To the delight of arch villain Lex Luthor (Jesse Eisenberg, over the top), the Dark Knight and Man of Steel finally come to blows, and it is glorious. In fact, their battle makes the film’s final act feel a bit superfluous, save for the cheer-inducing entrance of the new Wonder Woman (Gal Gadot).

The ironic twist to her slightly-more-appropriate-for-crime-fighting outfit is the instant reminder of just how masculine the entire superhero universe remains. Still, there is enough mystery here to hold out hope that Wonder Woman’s upcoming stand alone film will be one of overdue substance.

After the rubble finally settles, Dawn of Justice is just that, as we get glimpses of the other “meta-humans” that will take their places in the upcoming Justice League franchise. Batman v Superman wanders, but it’s enough of an epic to make following it worthwhile.

 

Verdict-3-0-Stars





Bourne and Chong

American Ultra

by George Wolf

Here’s the pitch: what if Brad Pitt’s Flintstones-watching stoner from True Romance was actually a highly trained government operative who can kill you with nothing but a spoon and a cup of soup?

Intrigued? Me, too.

So why can’t American Ultra fully capitalize on that promise?

Okay, its not really Floyd from True Romance – he’s baking comfortably in the stoner Hall of Fame – it’s Mike (Jesse Eisenberg) from the Cash and Carry mini-mart in Liman, West Virginia. Mike plans to propose to his live-in girlfriend Phoebe (Kristen Stewart) during a romantic trip to Hawaii, but they never make it on the plane.

Mike suffers strange panic attacks anytime he’s about to leave town, but that seems like a minor problem once CIA agent Victoria Lasseter (Connie Britton) visits Mike at work and keeps repeating a strange phrase. Turns out Mike is really a sleeper agent who’s been suddenly branded a liability, and Victoria needs Mike to wake up before he’s taken out.

Writer Max Landis, much as he did with Chronicle, pieces together a winning premise from parts of differing genres. We think we know what to expect from weed-soaked characters, but breaking out the MacGyver shit to bust open some heads is not on the list. Throw in plenty of spy game skullduggery, and there’s ample opportunity for black comedy that the film only partially explores.

Director Nima Nourizadeh (Project X) seems equally caught in a pattern of two steps up and one back. He unleashes stylish, well-paced bursts of action, followed by slow-moving exposition and then back again, sometimes punctuated by isolated bits of sharp comedy just looking for a home.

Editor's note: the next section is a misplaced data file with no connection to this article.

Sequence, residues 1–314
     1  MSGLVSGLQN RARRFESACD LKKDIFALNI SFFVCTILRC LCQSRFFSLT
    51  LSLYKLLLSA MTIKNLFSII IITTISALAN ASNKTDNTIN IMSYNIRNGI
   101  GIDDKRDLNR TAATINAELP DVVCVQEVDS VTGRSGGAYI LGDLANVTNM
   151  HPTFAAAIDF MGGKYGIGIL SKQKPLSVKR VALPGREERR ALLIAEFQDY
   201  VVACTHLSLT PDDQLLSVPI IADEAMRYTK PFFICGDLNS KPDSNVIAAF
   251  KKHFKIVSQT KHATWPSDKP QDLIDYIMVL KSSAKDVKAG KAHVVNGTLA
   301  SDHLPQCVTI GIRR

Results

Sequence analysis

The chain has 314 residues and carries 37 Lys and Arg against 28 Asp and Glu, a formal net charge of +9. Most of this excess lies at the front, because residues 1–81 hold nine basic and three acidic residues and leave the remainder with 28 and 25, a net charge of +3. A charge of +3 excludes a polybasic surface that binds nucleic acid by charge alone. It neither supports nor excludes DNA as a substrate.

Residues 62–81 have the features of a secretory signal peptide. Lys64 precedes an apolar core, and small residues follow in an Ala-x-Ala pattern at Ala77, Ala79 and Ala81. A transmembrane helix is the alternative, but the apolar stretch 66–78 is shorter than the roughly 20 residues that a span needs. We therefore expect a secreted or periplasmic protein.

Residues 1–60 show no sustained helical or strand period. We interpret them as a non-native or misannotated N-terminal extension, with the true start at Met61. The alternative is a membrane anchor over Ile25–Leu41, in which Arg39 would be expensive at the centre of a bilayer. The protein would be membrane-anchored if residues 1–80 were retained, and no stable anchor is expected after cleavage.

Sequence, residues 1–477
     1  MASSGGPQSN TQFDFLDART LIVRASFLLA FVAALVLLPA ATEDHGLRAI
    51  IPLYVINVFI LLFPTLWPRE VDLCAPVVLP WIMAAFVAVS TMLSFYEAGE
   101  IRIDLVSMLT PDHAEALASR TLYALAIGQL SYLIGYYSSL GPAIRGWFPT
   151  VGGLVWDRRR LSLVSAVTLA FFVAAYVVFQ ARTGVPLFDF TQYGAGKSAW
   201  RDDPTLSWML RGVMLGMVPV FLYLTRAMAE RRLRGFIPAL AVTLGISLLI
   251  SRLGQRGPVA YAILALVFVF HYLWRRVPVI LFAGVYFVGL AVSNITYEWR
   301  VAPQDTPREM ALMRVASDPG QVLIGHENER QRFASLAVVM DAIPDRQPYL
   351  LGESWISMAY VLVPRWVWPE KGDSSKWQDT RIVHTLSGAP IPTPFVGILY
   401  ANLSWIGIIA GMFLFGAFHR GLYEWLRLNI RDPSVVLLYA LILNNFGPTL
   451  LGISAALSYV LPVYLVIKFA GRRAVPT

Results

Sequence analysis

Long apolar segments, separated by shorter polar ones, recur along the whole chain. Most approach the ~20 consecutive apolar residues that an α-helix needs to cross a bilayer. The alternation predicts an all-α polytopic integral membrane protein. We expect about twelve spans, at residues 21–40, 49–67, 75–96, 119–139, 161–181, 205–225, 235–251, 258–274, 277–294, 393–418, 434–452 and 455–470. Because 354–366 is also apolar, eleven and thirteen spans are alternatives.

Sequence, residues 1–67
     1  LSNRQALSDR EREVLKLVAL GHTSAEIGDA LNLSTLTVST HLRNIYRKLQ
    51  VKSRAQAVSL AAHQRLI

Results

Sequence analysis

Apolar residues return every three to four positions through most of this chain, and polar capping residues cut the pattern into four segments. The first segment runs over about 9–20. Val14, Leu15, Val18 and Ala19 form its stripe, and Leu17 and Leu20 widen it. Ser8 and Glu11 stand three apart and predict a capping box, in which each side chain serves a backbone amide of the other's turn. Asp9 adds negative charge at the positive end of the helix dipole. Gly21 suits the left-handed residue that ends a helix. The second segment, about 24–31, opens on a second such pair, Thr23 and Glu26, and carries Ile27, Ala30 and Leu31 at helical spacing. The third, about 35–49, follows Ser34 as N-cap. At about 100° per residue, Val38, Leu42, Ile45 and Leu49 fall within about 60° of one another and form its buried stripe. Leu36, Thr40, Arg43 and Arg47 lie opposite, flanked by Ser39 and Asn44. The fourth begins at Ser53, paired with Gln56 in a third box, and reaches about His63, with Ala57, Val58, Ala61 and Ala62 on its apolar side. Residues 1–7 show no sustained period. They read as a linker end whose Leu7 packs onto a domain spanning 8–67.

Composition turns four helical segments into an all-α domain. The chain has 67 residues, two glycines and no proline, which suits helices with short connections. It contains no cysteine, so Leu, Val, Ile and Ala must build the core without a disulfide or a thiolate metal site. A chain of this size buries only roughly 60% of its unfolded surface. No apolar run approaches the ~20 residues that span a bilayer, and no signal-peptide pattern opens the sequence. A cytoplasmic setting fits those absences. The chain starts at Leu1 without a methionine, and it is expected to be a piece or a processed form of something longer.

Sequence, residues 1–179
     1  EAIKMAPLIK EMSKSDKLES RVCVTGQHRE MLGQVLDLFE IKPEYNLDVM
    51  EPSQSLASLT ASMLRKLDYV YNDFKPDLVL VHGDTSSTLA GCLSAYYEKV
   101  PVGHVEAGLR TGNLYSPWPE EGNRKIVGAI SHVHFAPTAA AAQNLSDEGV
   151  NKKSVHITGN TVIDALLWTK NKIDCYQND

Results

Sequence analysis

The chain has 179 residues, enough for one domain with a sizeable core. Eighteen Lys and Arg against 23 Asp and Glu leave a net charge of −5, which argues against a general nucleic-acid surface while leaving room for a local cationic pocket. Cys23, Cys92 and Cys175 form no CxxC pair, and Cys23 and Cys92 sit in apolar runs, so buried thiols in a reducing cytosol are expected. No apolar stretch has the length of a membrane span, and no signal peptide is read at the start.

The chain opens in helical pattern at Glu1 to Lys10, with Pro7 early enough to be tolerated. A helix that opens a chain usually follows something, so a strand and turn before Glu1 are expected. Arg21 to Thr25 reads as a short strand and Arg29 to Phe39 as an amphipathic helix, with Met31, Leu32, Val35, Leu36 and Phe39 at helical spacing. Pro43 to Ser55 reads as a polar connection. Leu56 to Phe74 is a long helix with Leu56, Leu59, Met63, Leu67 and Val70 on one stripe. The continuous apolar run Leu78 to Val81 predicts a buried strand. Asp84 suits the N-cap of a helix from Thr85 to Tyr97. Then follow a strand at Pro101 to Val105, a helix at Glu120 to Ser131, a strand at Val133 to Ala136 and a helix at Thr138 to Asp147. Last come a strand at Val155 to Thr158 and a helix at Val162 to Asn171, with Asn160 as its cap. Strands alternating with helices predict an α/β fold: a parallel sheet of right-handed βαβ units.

On paper, Eisenberg seems miscast, but he’s able to make both extremes of Mike’s character blend surprisingly well. Stewart continues her recent winning streak in the film’s early going, excelling as Mike’s sweetly sympathetic love. Once Phoebe’s true motives come to light, though, it’s back to the well worn K-Stew pained expression once too often.

A little too slow to be action packed, a bit too nasty to be fun-filled, American Ultra seems held back in a familiar haze. It’s got plenty of good ideas, but just when they really start to gel, it decides to just watch some cartoons instead.

 

Verdict-3-0-Stars

 

 

 

 





Nothing to See Here

Now You See Me

By Hope Madden

In the fall of 2006 we saw back to back films about magicians – The Illusionist and The Prestige. I remember thinking, really? Why?

Well, with just two months separating the release of The Incredible Bomb about Burt Wonderstone from this weekend’s Now You See Me, it’s hard not to scratch your head again at Hollywood’s insistence on our interest in magic.

At least Prestige and Illusionist were half decent films.

Jesse Eisenberg and Woody Harrelson lead a group of magicians who seem to pull off a bank heist during their show, and promise more of the same. Mark Ruffalo turns into the Hulk and smashes up their hall of mirrors.

If only!

No, instead he teams with Inglorious Basterds’s Melanie Laurent – an INTERPOL agent – to prove there’s no such thing as magic and that these guys are plain old crooks.

Unless it’s all an illusion…

Cons, comeuppance, love and daddy issues crisscross with lackluster acting to keep you from wondering whether Michael Caine (who was also in The Prestige. Of course he was!) or Morgan Freeman have milkier eyes. They’re both getting quite old. Maybe they should turn down one or two of the films released in any given year. Perhaps see an ophthalmologist.

They both certainly deserve better than this undercooked mess, directed by style-over-substance maestro Louis Leterrier (The Transporter, Clash of the Titans). With his characters talking incessantly about sleight of hand, you’d think Leterrier might employ that particular tactic on his own. Maybe razzle dazzle us while the con happens right under our noses.

Instead, perfectly ludicrous tricks and schemes are re-enacted without regard to plausibility. Rather than lifting the curtain to unveil anything tricky, the approach only uncovers some very lazy filmmaking.

Wasting a cast that has accumulated a combined 3 Oscars and another 4 nominations is a trick in itself, but aside from Harrelson’s natural charm, nothing about the performers impresses. Workhorses Freeman and Caine come closest to delivering something akin to acting. When push comes to shove, the usually impressive Ruffalo is badly miscast, Isla Fisher flails against hideous dialogue, and Eisenberg phones in just another turn as a hyper-intelligent dick.

And on top of it all, they play magicians.

Seriously, who gives a shit about magicians?

 

Verdict-2-0-Stars

 

 

http://www.youtube.com/watch?v=CNfiXZzmhjw